A number of journalists and academics have been making this point, or something like it, since 2016. Washington Post media critic Margaret Sullivan, especially, has effectively and consistently pointed out that the press was bamboozled by the sheer volume of outrages this White House expels. “Every day — sometimes every hour — there’s some new craziness to distract us … Journalists are whipsawed. The public tunes out in disgust.” She correctly identified how “we willingly — almost helplessly — magnified his message.” Building on this diagnosis, professor and media critic Jay Rosen, especially, has argued for a possible remedy, an “emergency setting” for White House coverage.

But an occasional hand-wringing opinion piece in the Post or Times, or think piece in The Atlantic or The New Yorker is not sufficient to meet the scale of the threat and will not reach the audiences that matter most. Also, these critics have not made plain enough the underlying imperative driving the need for a different approach to covering this president. You’ll hear a lot of focus on Trump’s lies and misleading statements, and whether to call them lies. You’ll read a lot about his racist statements, and whether they should be called racist. But there is still insufficient focus on the most dangerous aspect of this president.

Here, it is useful to organize our thinking about Trump and prioritize which of his actions truly warrant a different approach in coverage. I’ve come to a system I call the three C’s. Those are Character, Competence, and Constitutionality.

On character, well… more than 20,000 false statements, allegations of sexual assault, failure to pay taxes, racist statements and actions, the name calling, and need we go on?

Competence? See coronavirus.

As troubling as these are, it is the third C, Constitutionality, that looms largest. Trump’s authoritarianism presents a true national emergency because the demolition of democratic norms and institutions now underway threatens to remove the very means by which we might address other pressing issues.

Eight scientists, writing the day after Scientific American’s groundbreaking presidential candidate endorsement — the first in the magazine’s 175-year history — was published, clearly recognized this threat: “What is now under attack is the very possibility of addressing these deep systemic problems through a participatory, cooperative, deliberative, democratic process.”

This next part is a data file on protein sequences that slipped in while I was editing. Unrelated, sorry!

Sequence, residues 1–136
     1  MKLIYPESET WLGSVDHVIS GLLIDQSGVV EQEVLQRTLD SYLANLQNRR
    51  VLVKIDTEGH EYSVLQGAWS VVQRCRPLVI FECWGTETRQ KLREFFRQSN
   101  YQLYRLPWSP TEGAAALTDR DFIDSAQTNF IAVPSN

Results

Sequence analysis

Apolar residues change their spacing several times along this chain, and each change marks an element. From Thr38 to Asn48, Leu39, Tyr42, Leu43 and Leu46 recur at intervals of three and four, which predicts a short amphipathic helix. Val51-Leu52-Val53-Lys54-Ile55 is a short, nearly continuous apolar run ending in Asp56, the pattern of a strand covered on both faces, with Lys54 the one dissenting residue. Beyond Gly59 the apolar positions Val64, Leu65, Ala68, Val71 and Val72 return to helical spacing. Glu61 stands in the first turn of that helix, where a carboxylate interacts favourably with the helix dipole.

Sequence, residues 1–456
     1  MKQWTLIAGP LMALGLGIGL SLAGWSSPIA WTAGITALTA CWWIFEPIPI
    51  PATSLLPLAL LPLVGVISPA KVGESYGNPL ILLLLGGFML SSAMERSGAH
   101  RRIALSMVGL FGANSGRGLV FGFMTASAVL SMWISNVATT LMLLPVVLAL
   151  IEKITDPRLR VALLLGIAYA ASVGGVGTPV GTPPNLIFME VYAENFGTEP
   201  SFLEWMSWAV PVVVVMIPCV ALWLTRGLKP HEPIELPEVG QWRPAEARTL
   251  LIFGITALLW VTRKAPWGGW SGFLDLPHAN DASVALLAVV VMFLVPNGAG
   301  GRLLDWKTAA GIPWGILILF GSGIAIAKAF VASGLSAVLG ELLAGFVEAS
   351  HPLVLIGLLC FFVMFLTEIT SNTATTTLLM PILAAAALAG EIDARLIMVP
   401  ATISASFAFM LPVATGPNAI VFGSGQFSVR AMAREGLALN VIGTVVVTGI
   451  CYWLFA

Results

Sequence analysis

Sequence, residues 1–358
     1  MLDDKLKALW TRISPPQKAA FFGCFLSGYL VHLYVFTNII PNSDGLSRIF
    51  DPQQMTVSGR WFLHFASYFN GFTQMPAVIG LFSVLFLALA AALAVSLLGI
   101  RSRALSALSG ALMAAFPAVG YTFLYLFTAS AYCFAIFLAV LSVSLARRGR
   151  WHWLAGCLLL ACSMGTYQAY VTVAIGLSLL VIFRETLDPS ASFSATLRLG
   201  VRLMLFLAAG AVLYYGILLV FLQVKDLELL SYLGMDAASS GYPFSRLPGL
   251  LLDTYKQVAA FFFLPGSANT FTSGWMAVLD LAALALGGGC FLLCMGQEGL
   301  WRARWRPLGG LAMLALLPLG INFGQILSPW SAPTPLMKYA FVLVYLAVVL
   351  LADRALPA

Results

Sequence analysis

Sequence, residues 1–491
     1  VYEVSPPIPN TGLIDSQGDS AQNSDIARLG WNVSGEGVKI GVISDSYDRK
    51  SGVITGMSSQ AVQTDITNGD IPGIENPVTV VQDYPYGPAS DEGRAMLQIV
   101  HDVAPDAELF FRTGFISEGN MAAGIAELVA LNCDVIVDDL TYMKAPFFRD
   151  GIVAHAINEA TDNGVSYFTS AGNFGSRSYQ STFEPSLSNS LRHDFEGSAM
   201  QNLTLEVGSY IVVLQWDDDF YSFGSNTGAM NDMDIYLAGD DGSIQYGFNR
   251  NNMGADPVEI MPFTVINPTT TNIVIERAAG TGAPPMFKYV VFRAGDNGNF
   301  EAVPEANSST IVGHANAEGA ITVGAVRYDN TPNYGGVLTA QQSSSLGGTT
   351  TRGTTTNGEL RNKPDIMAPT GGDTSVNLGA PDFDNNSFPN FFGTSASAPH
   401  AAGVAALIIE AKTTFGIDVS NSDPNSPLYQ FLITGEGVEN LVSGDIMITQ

Why are these scientists — who are normally inclined to shun political controversy — able to recognize this, and willing to call it out, while so many in journalism are not? It is because the institutional practices of science enable this. “Scientists are trained to separate truth from fiction, signal from noise,” they wrote. “We can spot scientific disinformation, which is a hallmark of authoritarianism.”

Alas, the institutional practices of journalism, when practiced reflexively and without reflection on their true nature, are keeping us from taking clear and necessary action.

The main body of daily journalism must explicitly and urgently explain to readers, listeners, and viewers the reality and implications of what we are witnessing. This must include local news outlets covering Trump rallies and interviewing supporters, for example. It must include questioning our elected officials about their view of Trump’s authoritarian behavior. We must also do more to better cover the social and economic conditions, such as inequality and institutional racism, that provide fertile ground for demagoguery.

Now we are in the final stretch of an election that could very well become an authoritarian attempt to defy election results by an incumbent who would refuse to concede and instead challenge the legitimacy of the election. Trump is already daily laying the groundwork for this.

In a 30-day period from mid-August to mid-September, Trump tweeted more than two dozen times about a “fraud” or “hoax” in reference to mail-in ballots and the election. That’s more than he tweeted about jobs, the economy, or coronavirus in the same period.

Undermining the election is a central theme of his campaign. Trump told a rally audience that he is “counting on the federal court system” to declare a winner quickly, even though election officials warn that counting absentee ballots could take more time. And of course this comes as he pushes to fill a Supreme Court vacancy less than a month before an election. Trump has repeatedly refused to commit to a peaceful transfer of power after the election.

By any reasonable reckoning this should be considered a national emergency. And yet, is that the tone of the coverage? Do you get a sense of emergency from the Politico playbooks, NPR’s careful coverage of the Cleveland “debate,” the Sunday talk shows? Mostly what I hear is some variation of, no, it can’t happen here.

Like many others I reread “It Can’t Happen Here” in 2016 and I was reminded that Lewis’ main character is a journalist. Doremus Jessup is editor of a small but respectable Vermont newspaper, the Daily Informer. As the populist demagogue Buzz Windrip comes to power, Jessup at first sticks to the accepted decorum for journalists, offering fairness and balance.

When he begins to recognize the first outlines of the rising threat, he supposes he could “write another editorial viewing-with-alarm, I suppose!”

Only later — too late — when the country is in the firm grip of authoritarian rule, does Jessup realize his error.

“It’s the fault … of all the conscientious, respectable, lazy-minded Doremus Jessups,” he chastises himself, “who have let the demagogues wriggle in, without fierce enough protest.”

Friends, the time for fierceness is now.